TMI Friday: Frippery Furrows Fanny

Jewellery, body piercing and other such frippery are usually harmless. A ring here, a piercing there. Humans have been using these accoutrements for millenia without problems. at least, problems they'll admit to.
In this weeks case, we look at a young lady who repeatedly suffered from vaginal bleeding after sex. There was nothing wrong with her menstrual cycles, and there were no signs of bleeding outside of sex. 
She had been suffering with this problem for seven months.
Further examination of the lady's delicate area revealed abrasions and lacerations. 
She then admitted that her boyfriend wore penile jewellery of the ‘Prince Albert’ type. This information shed light on the aetiology of the post-coital bleeding as well as the bizarre vaginal ļ¬ndings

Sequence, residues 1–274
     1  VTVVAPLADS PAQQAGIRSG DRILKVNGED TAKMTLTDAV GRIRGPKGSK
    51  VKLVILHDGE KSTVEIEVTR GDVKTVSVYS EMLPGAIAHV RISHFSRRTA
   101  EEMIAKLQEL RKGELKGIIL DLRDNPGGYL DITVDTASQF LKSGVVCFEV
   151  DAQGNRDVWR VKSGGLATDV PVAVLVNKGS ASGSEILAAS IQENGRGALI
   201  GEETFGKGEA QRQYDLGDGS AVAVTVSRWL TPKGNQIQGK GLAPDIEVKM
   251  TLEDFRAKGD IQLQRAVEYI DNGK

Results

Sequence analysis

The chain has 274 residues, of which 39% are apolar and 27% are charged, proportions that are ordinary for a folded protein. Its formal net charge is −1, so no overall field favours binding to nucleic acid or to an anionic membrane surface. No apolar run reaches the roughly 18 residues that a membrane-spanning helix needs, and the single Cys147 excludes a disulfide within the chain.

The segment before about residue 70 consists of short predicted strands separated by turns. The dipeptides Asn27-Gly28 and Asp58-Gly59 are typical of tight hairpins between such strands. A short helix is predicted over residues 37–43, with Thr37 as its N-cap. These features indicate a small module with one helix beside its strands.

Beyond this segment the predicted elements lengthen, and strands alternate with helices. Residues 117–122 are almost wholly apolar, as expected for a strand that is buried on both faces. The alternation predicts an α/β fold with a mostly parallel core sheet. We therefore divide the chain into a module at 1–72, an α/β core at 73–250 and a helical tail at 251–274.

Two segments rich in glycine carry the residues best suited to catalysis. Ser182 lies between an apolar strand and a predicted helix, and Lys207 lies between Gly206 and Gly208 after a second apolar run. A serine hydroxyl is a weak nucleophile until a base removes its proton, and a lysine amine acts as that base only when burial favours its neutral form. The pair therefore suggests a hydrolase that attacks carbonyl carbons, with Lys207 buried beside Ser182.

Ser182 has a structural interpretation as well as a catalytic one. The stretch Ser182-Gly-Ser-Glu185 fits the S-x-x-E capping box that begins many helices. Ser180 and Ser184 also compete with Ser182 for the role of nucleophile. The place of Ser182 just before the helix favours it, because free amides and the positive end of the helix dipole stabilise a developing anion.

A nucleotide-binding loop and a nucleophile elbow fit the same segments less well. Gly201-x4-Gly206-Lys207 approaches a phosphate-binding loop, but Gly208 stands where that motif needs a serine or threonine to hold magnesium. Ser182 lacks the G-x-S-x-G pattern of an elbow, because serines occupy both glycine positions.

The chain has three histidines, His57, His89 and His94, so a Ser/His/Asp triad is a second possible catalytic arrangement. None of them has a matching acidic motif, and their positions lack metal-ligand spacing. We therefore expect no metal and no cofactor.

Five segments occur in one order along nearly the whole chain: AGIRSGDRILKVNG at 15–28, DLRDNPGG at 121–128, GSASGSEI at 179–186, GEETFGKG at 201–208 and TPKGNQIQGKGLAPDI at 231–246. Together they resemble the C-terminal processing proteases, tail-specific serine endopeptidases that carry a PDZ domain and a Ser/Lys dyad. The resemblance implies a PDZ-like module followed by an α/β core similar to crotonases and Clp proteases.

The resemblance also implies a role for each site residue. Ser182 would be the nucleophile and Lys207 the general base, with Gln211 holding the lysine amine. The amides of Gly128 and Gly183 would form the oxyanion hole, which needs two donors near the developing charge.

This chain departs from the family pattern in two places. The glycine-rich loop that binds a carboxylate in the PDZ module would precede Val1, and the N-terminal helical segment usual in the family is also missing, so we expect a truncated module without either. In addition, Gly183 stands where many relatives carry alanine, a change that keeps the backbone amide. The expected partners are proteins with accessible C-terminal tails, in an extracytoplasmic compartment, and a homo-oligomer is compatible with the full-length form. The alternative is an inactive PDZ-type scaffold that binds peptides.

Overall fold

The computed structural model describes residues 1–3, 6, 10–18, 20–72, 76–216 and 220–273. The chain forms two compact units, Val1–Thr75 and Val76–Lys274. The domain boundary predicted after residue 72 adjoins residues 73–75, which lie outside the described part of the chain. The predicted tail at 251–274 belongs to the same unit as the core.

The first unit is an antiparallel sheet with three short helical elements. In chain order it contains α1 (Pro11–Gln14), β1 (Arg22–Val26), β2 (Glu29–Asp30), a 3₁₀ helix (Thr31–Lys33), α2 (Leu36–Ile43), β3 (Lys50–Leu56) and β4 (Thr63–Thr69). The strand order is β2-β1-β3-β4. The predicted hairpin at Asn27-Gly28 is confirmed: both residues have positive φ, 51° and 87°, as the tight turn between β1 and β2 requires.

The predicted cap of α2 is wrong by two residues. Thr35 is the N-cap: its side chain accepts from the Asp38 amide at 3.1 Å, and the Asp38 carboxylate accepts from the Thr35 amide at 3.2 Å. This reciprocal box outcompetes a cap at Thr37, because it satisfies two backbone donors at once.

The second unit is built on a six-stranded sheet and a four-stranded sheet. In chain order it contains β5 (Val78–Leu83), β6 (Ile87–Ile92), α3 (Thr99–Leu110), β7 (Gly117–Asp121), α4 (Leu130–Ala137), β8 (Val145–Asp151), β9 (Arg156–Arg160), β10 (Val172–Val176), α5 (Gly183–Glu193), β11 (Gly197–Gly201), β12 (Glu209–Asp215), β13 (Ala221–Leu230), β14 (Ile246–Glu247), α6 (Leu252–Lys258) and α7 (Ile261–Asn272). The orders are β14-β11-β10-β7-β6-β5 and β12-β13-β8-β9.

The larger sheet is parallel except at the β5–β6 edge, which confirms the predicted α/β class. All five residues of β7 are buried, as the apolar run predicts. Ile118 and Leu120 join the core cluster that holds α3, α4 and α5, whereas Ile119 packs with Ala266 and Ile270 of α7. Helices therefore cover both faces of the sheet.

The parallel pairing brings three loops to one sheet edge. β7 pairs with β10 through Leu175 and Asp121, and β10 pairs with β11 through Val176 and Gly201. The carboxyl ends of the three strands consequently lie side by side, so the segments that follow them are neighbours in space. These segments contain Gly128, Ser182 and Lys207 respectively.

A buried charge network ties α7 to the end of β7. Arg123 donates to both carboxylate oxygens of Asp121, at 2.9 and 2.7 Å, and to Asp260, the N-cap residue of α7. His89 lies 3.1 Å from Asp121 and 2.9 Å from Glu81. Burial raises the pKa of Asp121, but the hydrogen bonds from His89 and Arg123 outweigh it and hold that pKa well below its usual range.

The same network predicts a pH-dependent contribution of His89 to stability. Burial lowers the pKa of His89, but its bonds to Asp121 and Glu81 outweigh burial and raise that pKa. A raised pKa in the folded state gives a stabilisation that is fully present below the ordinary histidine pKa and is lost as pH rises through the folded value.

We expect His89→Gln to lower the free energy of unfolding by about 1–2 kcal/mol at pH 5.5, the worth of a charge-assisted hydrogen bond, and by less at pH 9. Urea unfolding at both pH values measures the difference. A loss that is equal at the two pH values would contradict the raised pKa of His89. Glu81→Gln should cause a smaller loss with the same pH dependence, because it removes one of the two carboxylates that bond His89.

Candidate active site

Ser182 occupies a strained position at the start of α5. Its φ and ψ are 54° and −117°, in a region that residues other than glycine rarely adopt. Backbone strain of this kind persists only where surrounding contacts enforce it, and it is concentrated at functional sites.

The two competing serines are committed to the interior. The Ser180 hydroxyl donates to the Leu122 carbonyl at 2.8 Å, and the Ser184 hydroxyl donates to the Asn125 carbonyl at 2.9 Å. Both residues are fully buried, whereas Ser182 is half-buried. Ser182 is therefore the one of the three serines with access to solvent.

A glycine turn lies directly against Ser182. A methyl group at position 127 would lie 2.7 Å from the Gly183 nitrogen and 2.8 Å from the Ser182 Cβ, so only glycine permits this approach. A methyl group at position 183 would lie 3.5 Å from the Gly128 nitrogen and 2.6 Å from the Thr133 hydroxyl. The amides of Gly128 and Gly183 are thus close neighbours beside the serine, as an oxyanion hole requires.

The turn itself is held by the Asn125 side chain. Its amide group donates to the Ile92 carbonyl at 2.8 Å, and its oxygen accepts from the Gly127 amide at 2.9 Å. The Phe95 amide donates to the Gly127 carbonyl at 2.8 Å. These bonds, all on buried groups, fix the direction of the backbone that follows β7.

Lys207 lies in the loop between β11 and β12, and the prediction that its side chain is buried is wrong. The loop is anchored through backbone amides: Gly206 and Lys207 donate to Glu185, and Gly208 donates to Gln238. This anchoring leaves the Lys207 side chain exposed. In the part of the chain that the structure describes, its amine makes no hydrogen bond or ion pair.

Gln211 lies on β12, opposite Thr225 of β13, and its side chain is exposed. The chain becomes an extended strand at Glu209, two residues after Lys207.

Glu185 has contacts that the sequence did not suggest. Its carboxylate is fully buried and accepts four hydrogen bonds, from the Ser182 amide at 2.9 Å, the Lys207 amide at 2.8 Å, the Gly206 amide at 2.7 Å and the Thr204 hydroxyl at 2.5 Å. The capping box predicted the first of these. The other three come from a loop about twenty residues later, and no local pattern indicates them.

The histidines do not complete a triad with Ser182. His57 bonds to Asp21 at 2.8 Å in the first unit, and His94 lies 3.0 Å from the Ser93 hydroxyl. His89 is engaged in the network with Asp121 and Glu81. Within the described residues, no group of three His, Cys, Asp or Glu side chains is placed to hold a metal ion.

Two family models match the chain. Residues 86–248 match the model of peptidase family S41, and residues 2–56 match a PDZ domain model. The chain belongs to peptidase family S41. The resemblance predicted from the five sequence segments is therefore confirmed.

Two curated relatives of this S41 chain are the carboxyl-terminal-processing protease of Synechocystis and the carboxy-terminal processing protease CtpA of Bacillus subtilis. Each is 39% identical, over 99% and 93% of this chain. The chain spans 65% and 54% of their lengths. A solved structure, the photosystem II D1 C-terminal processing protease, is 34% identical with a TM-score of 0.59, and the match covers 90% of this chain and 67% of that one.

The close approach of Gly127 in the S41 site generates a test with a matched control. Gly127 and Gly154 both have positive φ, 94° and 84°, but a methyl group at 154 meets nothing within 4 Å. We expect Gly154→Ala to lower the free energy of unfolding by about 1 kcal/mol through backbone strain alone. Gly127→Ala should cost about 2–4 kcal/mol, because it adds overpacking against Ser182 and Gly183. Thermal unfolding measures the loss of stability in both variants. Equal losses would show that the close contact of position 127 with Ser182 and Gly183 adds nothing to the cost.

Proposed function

With this revealed, the doctors furnished the woman with the rather obvious advice that she should get her boyfriend to remove his penile adornments before the engaged in copulation*.

Esen U.I. & Orife S. (2006). Penile jewellery: a cause of post-coital bleeding, Journal of Obstetrics & Gynaecology, 26 (5) 483-484. DOI:
*I got a thesaurus for Christmas.  Apologies.

TMI Friday: How long ?

This weeks victim/perpetrator showed up to Hirosaki hospital with blood in his urine. The doctors spotted that he had a foreign body that had wormed it's way up into his bladder, but they couldn't quite work out what it was. An x-ray revealed five cm diameter blob, but how could such a large object get up there in the first place ?
The patient revealed the answer. His suffering began when he inserted a long vinyl tube up his urethra.
How long had it been there ?
Two years. 
How long was it ?
One and a half metres.
I don't know if the Guinness book of world records recognises the accomplishments of people who stuff things up their own schlongs, but if they did, I suspect the gentleman in this study could be a world record holder.
Just don't try to break his record at home. Or in public.

 Imai A., Suzuki Y., Hashimoto Y., Sasaki A., Saitoh H. & Ohyama C. (2011). A Very Long Foreign Body in the Bladder, Advances in Urology, 2011 1-2. DOI: